UNC women’s lacrosse looks to write new ending

The Tar Heels, 20-0 for the second straight year, hope to avoid another Final Four upset

UNC women's lacrosse coach Jenny Levy, pictured in 2015, has led the Tar Heels to a 20-0 record and a return to the national semifinals. (Chris Szagola / AP Photo)

Stop us if you’ve heard this one before.

North Carolina, undefeated at 20-0 and the No. 1 seed in the NCAA Women’s Lacrosse Tournament, returns to the Final Four after a tight three-goal win over Stony Brook to face an opponent in the national semifinal that they’ve already beaten by double-digits this season.

So far in 2022, the Tar Heels are following the same script as they did last season when they were upset 11-10 by Boston College in the national semifinals. The powerful UNC offense was held to 10 goals or fewer for just the second time in the season.

“Unfortunately for us, we just didn’t do what we normally do, which is executive offensively,” UNC coach Jenny Levy said after the game. “We held them to just three goals in the second half, but the offense wasn’t able to step up.”

The defense gave up eight goals before halftime, putting Carolina in a hole it couldn’t climb out of. The 11 scores surrendered matched a season high for the Heels.

“We’re obviously very disappointed in the result,” Levy said, “but it was a fun journey along the way getting here with this group, a time you can never replace.”

Levy and her Tar Heels hope that the déjà vu ends here, as they head to Baltimore for their fourth straight Final Four and the 13th in program history. UNC will be looking for its third national title and first since 2016.

After ending last season with the crushing defeat, the Tar Heels have put together another perfect season — so far. UNC is 20-0 on the season, tied for the second-longest winning streak in program history. The 20 wins are also tied for the most in program history — with the national title team of 2016 and last season’s near miss.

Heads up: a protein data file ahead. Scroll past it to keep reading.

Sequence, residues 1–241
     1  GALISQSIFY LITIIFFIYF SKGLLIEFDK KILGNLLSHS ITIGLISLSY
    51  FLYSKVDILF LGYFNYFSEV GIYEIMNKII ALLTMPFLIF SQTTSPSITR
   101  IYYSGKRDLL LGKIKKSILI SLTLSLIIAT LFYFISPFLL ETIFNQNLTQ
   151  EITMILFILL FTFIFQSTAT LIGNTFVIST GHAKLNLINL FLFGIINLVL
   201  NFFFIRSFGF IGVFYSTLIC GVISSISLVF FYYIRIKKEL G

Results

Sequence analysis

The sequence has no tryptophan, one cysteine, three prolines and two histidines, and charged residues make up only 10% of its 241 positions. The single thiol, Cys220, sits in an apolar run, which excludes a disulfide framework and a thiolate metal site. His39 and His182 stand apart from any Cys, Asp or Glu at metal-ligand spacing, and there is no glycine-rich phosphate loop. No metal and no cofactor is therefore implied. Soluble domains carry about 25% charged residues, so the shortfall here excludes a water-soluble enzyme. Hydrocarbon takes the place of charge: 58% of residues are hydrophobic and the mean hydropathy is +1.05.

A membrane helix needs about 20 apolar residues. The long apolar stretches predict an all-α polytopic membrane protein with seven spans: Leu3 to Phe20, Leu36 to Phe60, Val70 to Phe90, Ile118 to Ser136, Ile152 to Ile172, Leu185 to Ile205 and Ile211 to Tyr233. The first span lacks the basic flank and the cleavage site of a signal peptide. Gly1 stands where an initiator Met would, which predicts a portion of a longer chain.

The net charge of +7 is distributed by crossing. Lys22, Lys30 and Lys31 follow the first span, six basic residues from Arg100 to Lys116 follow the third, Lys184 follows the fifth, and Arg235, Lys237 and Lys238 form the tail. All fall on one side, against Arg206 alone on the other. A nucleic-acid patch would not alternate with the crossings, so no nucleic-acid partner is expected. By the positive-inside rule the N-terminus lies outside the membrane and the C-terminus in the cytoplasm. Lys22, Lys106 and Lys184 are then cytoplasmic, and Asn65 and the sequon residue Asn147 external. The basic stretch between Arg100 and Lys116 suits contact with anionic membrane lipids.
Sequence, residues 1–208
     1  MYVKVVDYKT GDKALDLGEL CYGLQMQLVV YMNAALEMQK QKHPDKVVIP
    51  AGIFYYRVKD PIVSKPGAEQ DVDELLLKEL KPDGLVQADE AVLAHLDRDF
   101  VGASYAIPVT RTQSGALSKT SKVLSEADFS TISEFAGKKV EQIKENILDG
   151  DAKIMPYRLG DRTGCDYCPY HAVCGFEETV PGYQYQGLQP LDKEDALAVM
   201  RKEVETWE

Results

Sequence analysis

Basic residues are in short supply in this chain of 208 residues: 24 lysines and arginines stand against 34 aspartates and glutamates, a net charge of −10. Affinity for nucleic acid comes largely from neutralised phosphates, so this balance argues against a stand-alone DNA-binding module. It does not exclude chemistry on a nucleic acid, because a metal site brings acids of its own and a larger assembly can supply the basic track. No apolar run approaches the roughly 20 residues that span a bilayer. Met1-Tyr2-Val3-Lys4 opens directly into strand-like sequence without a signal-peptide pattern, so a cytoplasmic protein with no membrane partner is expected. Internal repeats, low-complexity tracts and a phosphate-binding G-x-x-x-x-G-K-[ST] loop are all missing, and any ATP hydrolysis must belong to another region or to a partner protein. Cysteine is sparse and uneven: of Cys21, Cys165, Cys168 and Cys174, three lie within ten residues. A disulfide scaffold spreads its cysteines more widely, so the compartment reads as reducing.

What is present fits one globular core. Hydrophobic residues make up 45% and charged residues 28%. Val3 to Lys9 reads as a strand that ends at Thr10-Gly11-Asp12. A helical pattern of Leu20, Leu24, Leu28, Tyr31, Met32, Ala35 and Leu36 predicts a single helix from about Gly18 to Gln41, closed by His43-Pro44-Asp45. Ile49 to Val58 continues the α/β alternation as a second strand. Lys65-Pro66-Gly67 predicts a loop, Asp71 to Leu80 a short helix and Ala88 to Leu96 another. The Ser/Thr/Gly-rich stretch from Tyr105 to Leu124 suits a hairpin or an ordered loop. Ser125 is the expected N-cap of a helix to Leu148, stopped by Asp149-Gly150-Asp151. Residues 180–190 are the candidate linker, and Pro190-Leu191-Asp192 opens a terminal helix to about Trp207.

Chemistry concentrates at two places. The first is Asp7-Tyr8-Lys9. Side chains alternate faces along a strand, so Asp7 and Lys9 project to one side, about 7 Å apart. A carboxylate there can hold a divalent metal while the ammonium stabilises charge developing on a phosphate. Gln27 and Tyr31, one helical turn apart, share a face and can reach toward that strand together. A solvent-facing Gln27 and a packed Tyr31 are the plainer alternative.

Half of those wins have been by 10 goals or more, including a 24-2 demolition of Virginia in UNC’s first game in the NCAA Tournament.

The Heels have held 15 opponents below 10 goals, including the last three. Before their 8-5 win over Stony Brook and its difficult zone defense in the last round, Carolina had scored 14 or more in every game this season, and it is now 14-0 against ranked opponents.

Carolina has been on a mission this season, but the memories of last year are still firmly in the back of the team’s mind. The low-scoring scare against Stony Brook in the last round clearly brought some of those demons to the forefront.

“I would rather have a hard game and challenging game than a breeze-through one,” goalie Taylor Moreno said. “So I thought this was huge for us.”

The Tar Heels will face four-seed Northwestern in Friday afternoon’s semifinal. UNC has already beaten the Wildcats this year, posting a 20-9 win in Chapel Hill back in early March. Of course, last year, Carolina beat Boston College in Chapel Hill in early March by a 21-9 margin before facing the Eagles in the Final Four, so déjà vu again rears its head.

The Wildcats blew out Central Michigan in the first round, 22-7, then survived against Michigan, 15-12. They earned their rematch with Carolina by beating No. 5 Syracuse, 15-4. The Heels survived a 14-12 game at Syracuse late in the regular season, their second-closest score of the year.

All four top seeds advanced to the Final Four, with the winner of UNC-Northwestern facing the winner of No. 2 Maryland and No. 3 Boston College in the national title game. It’s a blue-blood Final Four. Northwestern joins UNC in making their 13th appearance, which is the third-most in the history of the sport. Maryland leads the way with 28 Final Four trips.

The Tar Heels are led by five All-Americans. Fifth-year attacker Jamie Ortega has won the last two ACC Attacker of the Year awards. She’s the ACC’s all-time leader in points, second in NCAA history and has tallied a point in 83 straight games.

Midfielder Ally Mastroianni and defender Emma Trenchard joined Ortega on the first team. Like Ortega, Mastroianni is a repeat ACC position award winner, winning Midfielder of the Year for the second straight season. Trenchard was named the ACC’s Defender of the Year for the second time after previously winning in 2019. Defender Emily Nalls is a second-teamer, and goalkeeper Moreno made the third team.

All of which brings Carolina to the same point in the season where things came crashing down last year.

“Sometimes you don’t have to win pretty,” Levy said after the last game. “You just need to advance. … We’re not going to hang onto this too long.”